The exhibition Loot – 10 stories (Roofkunst – 10 verhalen) shares the struggle museums have with stolen art. Where did the looted objects come from? Why were they stolen? With a VR headset on, you suddenly find yourself in a secret art storage. In a tunnel, a kilometer underground, you’re all of a sudden eye-to-eye with a stolen Rembrandt. How did it end up there?
Looted art refers to art or objects that somehow unlawfully ended up in museums. Objects that were stolen in colonial times or during wars, confiscated or forcibly sold, exchanged or ceded.
Much of this art ended up in museums in the nineteenth, early twentieth century, when museums emerged in Europe. For these museums, tracing the original owners is complicated. There are no receipts with the objects. Some objects were looted centuries ago. It often takes a lot of research to trace the provenance of an object. Sometimes it never succeeds.
The exhibition tells the story of the following 10 looted objects:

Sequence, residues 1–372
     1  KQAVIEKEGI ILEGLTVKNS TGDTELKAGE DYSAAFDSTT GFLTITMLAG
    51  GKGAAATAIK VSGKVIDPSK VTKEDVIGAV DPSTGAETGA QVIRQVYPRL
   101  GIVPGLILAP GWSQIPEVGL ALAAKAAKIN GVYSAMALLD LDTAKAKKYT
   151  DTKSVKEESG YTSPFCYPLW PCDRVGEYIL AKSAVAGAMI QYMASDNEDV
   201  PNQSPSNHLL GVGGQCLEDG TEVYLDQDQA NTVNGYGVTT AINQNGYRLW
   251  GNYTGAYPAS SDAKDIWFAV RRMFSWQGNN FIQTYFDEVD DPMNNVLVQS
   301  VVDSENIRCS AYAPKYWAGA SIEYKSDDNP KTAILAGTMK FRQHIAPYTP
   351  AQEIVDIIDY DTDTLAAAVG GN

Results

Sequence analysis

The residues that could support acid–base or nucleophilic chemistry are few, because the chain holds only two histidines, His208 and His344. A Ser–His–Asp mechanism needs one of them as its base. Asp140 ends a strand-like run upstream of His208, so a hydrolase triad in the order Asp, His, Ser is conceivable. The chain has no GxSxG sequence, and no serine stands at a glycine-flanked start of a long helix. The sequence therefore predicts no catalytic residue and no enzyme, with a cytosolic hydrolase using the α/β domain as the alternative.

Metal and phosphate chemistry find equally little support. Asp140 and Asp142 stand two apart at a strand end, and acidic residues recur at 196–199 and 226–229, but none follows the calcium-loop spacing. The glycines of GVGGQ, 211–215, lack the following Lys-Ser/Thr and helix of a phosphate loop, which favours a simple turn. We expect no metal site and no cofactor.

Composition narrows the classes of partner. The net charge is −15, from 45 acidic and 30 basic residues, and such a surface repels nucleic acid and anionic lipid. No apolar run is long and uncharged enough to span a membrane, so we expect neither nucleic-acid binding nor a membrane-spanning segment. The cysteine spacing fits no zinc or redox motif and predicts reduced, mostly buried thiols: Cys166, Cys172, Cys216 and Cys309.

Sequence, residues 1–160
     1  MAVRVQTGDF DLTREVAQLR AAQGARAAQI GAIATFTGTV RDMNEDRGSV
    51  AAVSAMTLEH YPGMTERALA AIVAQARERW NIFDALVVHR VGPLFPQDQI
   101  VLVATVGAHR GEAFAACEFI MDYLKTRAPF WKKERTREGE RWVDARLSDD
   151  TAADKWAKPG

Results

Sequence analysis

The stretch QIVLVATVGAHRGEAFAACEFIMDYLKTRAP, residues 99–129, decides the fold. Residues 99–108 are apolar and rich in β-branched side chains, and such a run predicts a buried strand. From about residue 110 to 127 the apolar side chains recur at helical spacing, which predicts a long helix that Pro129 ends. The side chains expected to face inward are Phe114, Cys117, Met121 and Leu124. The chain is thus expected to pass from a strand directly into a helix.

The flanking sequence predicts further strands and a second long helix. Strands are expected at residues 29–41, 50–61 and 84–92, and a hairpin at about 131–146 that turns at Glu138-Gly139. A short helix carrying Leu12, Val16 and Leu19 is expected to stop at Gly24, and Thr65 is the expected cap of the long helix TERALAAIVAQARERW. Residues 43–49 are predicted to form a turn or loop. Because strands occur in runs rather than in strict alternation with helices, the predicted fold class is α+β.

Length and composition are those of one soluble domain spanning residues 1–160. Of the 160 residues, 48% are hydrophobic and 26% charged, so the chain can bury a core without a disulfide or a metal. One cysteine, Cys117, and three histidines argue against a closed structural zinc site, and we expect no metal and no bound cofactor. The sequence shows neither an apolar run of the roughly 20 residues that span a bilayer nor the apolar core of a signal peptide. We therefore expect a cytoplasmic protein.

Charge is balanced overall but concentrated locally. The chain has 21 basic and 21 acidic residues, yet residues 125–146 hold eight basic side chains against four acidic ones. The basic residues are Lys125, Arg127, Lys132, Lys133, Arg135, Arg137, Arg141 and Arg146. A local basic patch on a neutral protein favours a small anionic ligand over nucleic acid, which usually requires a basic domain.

- Anet-commode (French, 18th century, Stadtmuseum Berlin);
- Balinese dagger (Indonesian, ca. 1800-1850, Ethnologisches Museum Berlin);
- Benin Bronzes (German plaster casts and replicas, 20th century, Gipsformerei Berlin);
- Jewish silver (Stadtmuseum Berlin);
- Cannon of Kandy (digital 3D model of the Sri Lankan cannon by Kel O’Neill and Eline Jongsma)
- Paulus Potter’s Cows Reflected in the Water (1648, Mauritshuis)
- Jan Mijtens’s
- Horse Head from the Quadriga of the Brandenburger Tor ( , Stadtmuseum Berlin)
- Staff featuring a female figure (Surinamese, ca. 1900,
The exhibition is organized in cooperation with the Humboldt Forum in Berlin where it will be on show in 2024.